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602 S. Gay Street
Knoxville, TN 37902
On the corner of Central and Fifth stands a beautiful red-brick school. Residents and business owners in the surrounding neighborhoods are hopeful that historic Knoxville High will soon see the same revitalization that has been happening downtown. But their hopes may be in vain.
Back in 2007, Knoxville’s Metropolitan Planning Commission (MPC) published a report with a strategic plan to expand downtown northward by connecting Broadway, Central, and the Emory Place and Old North neighborhoods.
A wise man once said, “Where there is no vision, the people perish.” The MPC had a vision for change—one that was easy for Knoxvillians to support.
The report clearly states the goal to “provide a seamless, pleasing connection between the neighborhoods and downtown” and how to accomplish it: “Many of the recommendations in this plan are focused on creating a vibrant, mixed-use urban environment.”
For downtown Knoxville to move northwards, developers need to create a destination worth visiting, a revitalized hub where people want to live, work, and play. Mixed-use spaces are the linchpin of this vision.
Fast forward six years.
Historic Knox High is sandwiched between Fourth & Gill and the Old City. Beautiful but mostly empty, the building is up for sale. The 2007 MPC report makes mention of it: “Knoxville High School is an important historical landmark in the extension of the downtown area. This building has significant potential […] but is currently underutilized.”
In this year, the Knox County school system gave the building back to Knox County. In partnership with The East Tennessee Community Design Center, Knox County invited developers and members of the local community to help decide how to make best use of the building. They came to conclusions similar to those found in the 2007 report. “Reuse of Knoxville High should provide a population to support existing retail and entertainment nearby.”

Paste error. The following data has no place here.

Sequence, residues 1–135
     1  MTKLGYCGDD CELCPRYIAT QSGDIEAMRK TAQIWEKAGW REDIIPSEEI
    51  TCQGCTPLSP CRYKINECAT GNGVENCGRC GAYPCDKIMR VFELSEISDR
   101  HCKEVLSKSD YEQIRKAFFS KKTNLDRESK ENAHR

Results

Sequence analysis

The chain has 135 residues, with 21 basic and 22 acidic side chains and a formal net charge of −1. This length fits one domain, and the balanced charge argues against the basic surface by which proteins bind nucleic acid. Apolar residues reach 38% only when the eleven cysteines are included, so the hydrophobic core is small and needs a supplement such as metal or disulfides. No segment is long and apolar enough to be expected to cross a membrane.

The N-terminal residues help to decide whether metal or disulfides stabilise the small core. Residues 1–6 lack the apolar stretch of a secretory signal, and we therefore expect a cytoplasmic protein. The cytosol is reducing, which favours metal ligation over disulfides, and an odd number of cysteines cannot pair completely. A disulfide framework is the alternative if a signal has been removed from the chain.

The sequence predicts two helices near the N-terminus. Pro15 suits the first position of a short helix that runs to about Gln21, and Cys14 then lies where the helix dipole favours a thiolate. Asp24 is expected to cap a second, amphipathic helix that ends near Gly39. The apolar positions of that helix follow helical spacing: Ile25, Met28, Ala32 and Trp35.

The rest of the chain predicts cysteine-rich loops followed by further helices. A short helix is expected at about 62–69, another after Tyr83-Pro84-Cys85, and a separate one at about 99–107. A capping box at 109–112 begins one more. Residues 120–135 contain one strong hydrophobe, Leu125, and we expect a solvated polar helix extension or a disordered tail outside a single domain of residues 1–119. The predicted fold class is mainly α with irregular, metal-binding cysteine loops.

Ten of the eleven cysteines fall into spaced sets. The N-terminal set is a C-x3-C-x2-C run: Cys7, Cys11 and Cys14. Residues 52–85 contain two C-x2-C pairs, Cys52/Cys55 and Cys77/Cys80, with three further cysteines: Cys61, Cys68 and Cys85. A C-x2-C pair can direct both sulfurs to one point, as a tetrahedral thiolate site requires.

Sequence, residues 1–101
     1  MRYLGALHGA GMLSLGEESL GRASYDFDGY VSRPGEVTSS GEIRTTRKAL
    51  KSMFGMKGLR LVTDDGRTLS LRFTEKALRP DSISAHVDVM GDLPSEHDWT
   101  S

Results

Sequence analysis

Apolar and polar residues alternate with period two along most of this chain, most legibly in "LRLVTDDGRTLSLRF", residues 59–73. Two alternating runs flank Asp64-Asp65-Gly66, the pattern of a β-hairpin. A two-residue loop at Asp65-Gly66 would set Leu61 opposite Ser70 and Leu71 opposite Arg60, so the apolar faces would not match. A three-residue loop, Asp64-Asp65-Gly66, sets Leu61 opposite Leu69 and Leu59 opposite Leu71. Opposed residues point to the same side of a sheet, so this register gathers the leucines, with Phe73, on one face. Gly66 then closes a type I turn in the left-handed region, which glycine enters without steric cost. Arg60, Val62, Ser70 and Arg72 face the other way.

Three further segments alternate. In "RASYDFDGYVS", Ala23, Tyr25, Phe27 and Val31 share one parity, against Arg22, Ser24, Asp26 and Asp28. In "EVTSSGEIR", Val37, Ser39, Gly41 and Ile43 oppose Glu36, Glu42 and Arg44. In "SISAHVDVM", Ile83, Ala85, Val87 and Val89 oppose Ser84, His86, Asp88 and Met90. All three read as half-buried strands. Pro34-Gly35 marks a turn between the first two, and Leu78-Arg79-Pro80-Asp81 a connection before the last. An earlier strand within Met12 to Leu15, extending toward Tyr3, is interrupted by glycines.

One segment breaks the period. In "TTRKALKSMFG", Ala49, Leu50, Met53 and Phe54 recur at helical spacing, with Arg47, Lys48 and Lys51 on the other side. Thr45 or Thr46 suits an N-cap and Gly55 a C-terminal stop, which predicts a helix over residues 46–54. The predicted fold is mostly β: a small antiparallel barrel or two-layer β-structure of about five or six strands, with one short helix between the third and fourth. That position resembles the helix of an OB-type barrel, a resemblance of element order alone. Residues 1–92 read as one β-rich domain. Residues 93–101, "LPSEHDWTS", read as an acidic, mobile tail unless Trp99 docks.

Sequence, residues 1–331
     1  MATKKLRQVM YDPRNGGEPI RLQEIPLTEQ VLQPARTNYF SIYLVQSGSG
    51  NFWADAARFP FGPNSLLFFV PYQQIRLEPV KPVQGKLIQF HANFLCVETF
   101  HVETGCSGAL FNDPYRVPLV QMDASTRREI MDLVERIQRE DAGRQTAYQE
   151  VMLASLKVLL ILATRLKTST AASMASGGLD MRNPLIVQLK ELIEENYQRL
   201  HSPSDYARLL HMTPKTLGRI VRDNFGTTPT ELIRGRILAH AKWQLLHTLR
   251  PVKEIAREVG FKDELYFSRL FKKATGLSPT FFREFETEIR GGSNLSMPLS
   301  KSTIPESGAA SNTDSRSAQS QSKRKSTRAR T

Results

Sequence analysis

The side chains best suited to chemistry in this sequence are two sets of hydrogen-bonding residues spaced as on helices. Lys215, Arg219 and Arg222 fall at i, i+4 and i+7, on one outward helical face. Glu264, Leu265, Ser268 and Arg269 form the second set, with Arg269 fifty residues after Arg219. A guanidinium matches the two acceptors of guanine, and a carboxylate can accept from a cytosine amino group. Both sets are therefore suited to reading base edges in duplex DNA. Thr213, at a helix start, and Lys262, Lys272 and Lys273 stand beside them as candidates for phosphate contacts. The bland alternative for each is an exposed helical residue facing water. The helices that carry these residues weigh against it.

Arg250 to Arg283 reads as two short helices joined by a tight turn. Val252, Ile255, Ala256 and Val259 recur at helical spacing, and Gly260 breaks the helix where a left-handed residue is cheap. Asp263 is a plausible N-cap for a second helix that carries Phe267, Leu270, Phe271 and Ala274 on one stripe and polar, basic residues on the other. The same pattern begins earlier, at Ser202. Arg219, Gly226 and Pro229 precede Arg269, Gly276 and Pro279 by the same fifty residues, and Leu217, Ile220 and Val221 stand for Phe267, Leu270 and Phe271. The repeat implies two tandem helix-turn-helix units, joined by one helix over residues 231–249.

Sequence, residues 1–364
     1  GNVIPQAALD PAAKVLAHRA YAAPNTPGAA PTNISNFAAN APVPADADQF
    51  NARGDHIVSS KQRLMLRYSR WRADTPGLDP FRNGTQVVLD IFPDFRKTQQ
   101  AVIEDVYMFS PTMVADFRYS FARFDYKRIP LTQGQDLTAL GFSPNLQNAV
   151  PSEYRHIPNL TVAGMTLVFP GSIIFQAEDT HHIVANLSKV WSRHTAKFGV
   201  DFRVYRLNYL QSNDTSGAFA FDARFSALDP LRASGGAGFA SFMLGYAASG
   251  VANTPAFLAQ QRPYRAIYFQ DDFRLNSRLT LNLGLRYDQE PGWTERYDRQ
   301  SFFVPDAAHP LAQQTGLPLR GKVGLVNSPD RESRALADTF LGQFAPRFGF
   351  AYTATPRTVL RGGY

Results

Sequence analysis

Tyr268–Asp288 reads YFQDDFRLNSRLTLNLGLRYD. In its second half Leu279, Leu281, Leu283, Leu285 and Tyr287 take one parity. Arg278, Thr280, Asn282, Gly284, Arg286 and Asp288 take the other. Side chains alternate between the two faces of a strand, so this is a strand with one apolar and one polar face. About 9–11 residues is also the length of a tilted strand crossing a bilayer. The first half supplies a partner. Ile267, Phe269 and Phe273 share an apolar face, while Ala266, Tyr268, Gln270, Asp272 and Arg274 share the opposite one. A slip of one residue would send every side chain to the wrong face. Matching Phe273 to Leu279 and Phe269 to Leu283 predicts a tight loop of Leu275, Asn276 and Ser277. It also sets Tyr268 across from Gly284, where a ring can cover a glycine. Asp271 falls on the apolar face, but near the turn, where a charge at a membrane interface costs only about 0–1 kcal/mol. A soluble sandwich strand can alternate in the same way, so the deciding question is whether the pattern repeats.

Because the area already had multiple low-income housing developments, developers and residents were not in favor of more low-income and subsidized housing.
Knox County later issued an RFP with the project’s overarching goal and specific criteria for evaluating proposals from prospective developers: “Knox County hopes to ensure that the final development of the property (Historic High School) will be an asset to the community.”
• Residential use of some kind
• NO low-income housing
• NO subsidized housing
Knox County received three proposals:
• Dewhirst Properties (mixed-use space): Dewhirst’s mixed-use space would include 75 lofts, three 1,800 square-foot commercial spaces, 16 artist studio apartments, and one community venue.
• Family Pride Corporation (low-income senior housing): Family Pride’s senior housing proposal includes 100 apartments and six artist apartments.
• HKHS Partners, LLC (senior housing): This LLC is a partnership of Family Pride and two other developers.
Based on the 2007 MPC report’s vision and recommendations and the RFP’s criteria, you might think that the Dewhirst Properties proposal would be a shoo-in.
You’d be wrong. The Family Pride Corporation won the bid by 10 points.
Family Pride has secured a community investment tax credit loan by partnering with non-profit South Eastern Housing Foundation. This 0 percent loan requires that the housing to be limited to low-income residents, specifically seniors whose incomes fall below 80 percent of adjusted median income for Knox County, currently $34,000.
The RFP’s criteria were adamantly against low-income/subsidized housing projects, yet the committee not only considered Family Pride’s proposal but also approved it. In addition, Family Pride proposed paying $500,000 in cash to the city. This cash offer is what tipped the scales for Family Pride, as the Dewhirst proposal was originally 40 points ahead before the county weighted-in which proposal was most financially attractive to the county. Is the short-term benefit of $500,000 worth ignoring both the RFP suggestions and the 2007 MCP report?
Many residents and business owners in North Knoxville are concerned, to say the least.
We’re not asking for special consideration for any of the proposals. We’re asking for consistency. If halfway through a football game, the refs decided that one team’s field goals were worth seven points, not three, spectators would be concerned.
The rules established before the game determine the winner. We want decision-makers to follow through with the original 2007 strategic plan and to follow the RFP’s criteria while evaluating and disqualifying proposals. We ask that they make decisions based on long-term economic vitality, not short-term cash windfalls.
Later this month, the Knox County commissioners will meet to either approve or deny Family Pride’s proposal.